Sunday, March 8, 2015

Cold Weather is Chili Weather

Growing up in South Texas, any time the mercury dropped below 40ยบ, it was officially COLD.  Mom would whip up a big batch of chili and serve with homemade cornbread.  If she was feeling really industrious, she'd make a pan of cheese & onion enchiladas and top with some of the chili, pop in the oven and heat for about 30 mins.  To this day, I still prefer my enchiladas with chili rather than meat sauce or red sauce (or "gravy" if you're old school).  That's a recipe for a different day, though!

Now, something about chili. There's tons of ways to make it!  This is a basic recipe, but it's my favorite recipe. Also, chili isn't chili without beans.  Without beans, it's just meat sauce.  I'm not a fan of flaming hot chili  where all you taste is fire.  I prefer to taste the meat, the beans, and the seasonings.  My mouth thanks me for not setting it on fire, not to mention my intestinal tract!  Also, I have a very gringo husband who doesn't tolerate hot food, so I've had to tame down my original recipe and use "mild" chili powder rather than regular speed chili powder.  This makes an easy, slow-cooked meal that is not only tasty and filling, but fills your house with a lovely aroma throughout the day.

Homemade Chili With Beans

Pinto Beans  (Remember them from this post?   That's the base for this recipe.)
1 lb lean ground beef or ground turkey or a mix of turkey/beef
Chili Powder (Gebhardt Chili Powder is the bomb if you can find it)

Start with the pinto beans that have been simmering on your stove or in your crock pot all day.  Add chili powder to taste.  I use about 4 oz.  Crumble your meat into the mixture.  Stir and allow to simmer until the meat is done, about 30 minutes to an hour.  I like to slowly cook my meat so it absorbs all the flavors of the mix and cooks down a bit so the chili is thick, not runny like soup.

Easy peasy! 

The consummate way to eat chili in my family is to take your piece of cornbread and slice it in half horizontally.  Lay it in the bottom of a bowl face up.  Pour the chili on top, add grated cheese and chopped onions to the top and devour.  I don't like soggy cornbread, so I eat my cornbread on the side.  You can also serve over corn chips and have Frito pie.

 I've carted this recipe through 6 moves over the past 25 years.  I treasure this because I had called my mom one day to get the "recipe".  She never used a recipe for anything so while I knew how to make it, I didn't really know how to make it!  I was teaching school at the time n Kerrville, was in my first apartment, and living on my own for the first time.  I need to transfer it to a recipe card & put it in my recipe box so it's on heavier paper and in a more safe place, but when I need the recipe, I just look for this piece of paper, which is from a pad of letter writing paper.  On second thought, considering my husband dropped my recipe box and broke it, maybe this piece of paper is better!  He did repair my recipe box, though and it works great!

Enjoy your chili, and Robin, you don't have to add the onions! 

Monday, February 23, 2015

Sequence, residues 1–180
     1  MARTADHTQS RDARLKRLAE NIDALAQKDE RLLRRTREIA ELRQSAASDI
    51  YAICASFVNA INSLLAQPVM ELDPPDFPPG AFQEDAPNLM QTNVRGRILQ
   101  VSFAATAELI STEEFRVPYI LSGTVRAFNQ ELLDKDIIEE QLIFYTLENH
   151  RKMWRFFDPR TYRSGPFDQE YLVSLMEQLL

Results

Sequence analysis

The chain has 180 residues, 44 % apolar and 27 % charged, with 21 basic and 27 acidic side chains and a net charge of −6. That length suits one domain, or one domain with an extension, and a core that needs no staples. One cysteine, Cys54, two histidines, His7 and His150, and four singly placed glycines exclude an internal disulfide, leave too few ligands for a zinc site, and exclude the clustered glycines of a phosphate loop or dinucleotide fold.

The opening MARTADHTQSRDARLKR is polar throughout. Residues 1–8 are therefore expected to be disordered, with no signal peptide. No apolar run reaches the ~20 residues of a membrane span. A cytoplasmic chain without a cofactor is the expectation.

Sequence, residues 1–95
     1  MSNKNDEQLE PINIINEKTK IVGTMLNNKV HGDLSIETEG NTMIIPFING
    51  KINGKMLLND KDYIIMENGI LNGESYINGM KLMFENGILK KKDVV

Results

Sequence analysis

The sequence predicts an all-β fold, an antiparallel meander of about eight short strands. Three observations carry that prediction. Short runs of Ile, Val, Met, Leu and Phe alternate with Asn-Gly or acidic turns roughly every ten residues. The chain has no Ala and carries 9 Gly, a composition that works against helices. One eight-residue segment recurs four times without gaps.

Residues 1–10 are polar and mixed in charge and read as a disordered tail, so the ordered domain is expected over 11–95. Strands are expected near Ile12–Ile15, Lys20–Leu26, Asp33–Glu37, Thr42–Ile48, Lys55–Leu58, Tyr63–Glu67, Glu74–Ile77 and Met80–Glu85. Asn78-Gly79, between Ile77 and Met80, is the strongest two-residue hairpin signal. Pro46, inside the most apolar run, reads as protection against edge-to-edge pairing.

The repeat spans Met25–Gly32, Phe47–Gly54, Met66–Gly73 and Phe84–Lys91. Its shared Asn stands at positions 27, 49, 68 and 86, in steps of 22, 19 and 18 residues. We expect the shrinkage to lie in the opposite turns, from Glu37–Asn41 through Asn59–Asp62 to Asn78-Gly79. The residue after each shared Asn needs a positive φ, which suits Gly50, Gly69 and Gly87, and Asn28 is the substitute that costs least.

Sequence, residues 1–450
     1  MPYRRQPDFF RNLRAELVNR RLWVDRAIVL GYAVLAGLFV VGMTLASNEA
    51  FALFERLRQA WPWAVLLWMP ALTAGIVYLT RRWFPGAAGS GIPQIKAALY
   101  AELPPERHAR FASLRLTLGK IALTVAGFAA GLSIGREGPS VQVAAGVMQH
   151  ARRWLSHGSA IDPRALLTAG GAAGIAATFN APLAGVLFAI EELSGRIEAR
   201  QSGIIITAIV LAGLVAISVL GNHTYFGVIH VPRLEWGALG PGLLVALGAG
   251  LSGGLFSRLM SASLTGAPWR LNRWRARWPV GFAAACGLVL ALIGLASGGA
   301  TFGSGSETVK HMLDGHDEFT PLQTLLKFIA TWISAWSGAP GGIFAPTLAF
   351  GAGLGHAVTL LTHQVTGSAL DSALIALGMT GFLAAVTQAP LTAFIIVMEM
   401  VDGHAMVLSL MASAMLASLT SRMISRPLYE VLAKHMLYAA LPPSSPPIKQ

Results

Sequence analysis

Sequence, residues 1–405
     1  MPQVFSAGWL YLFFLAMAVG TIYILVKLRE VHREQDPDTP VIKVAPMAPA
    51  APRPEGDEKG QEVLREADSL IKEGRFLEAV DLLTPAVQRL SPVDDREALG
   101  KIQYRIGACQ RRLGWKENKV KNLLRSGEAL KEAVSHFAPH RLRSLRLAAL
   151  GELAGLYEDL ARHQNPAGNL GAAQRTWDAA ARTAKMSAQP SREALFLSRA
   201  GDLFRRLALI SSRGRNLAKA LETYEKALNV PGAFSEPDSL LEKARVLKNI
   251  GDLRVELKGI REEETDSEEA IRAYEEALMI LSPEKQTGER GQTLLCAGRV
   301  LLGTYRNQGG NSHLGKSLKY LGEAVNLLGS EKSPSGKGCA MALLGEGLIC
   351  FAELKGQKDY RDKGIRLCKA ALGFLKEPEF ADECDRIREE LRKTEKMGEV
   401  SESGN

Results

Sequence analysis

Pinto Beans


Or simply, "a pot of beans" or "beans" in my family.  Beans were a standard in my family growing up, especially in colder weather.  We had them at any large family gathering such as Thanksgiving and Christmas.  I can remember sitting at the kitchen table cleaning beans with my mom and dad.  Mom or Dad would pour the bag of beans on the table and I'd use my little hand to scoop some to my spot at the table.  Mom gave me a big bowl to sit on my lap and taught me to pick out the rocks, pieces of beans, and bean halves.  Everything else got scooped off the table into the bowl.  Pat...pat...pick out a pebble or piece of bean...scoop into the bowl.  It was a fun time of "helping" in the kitchen and training for life. It was also a time to connect with my parents.  Sweet memories of that old gray formica table and cleaning beans! (Today's beans are a lot cleaner, but I still like to clean them just to make sure I get whole beans and no little pebbles in mine.)

I like to slow cook mine over a low flame or in a slow cooker and I start the night prior to when I want to eat them.  This bean recipe is also the base for chili in my family. 

Pinto Beans
3-4 Cups dry pinto beans
1/2 medium onion, finely chopped (Can use more)
1/2 t (or more) garlic powder
1/4 t (or more) cumin
Bacon slices (about 1/2 pound) or salt pork

Measure out your beans.  I usually start with 4 cups of beans.  Rinse beans in a colander and then place in a dutch oven, stock pot, or slow cooker.  Pour enough water to cover the beans and allow for expansion. (The last time I cooked beans I had about 4 C of beans and about 12 C of water.) Soak beans overnight in 1/2 t salt per 2 cups of water.  If you're watching your salt, use 1/4 t salt per 2 C of water. Cover with tight fitting lid and let them set overnight.

In the morning, to the water & beans add the remaining ingredients. If you want it spicier, add more garlic and cumin, but don't overdo it on the cumin.  You can also leave out the cumin and just use garlic and bacon or salt pork. If you use bacon, I recommend cutting each slice into fourths. As my mom said, "If it doesn't smell spicy enough, keep adding more garlic."

Slowly bring to a boil over medium heat.  Once boiling, turn down to simmer for 6-8 hours, or until tender.  Add warm water as needed throughout cooking process to keep beans from burning.

If you're using a slow cooker, add the onion and spices in the morning, cover and place on LOW for 6-8 hours.

Top with cheese and your choice of toppings and serve over cornbread,or as a side for any meal.  (I don't like soggy cornbread, so I don't do this, but my dad loves to plop his cornbread in his bowl then pour the beans on top.)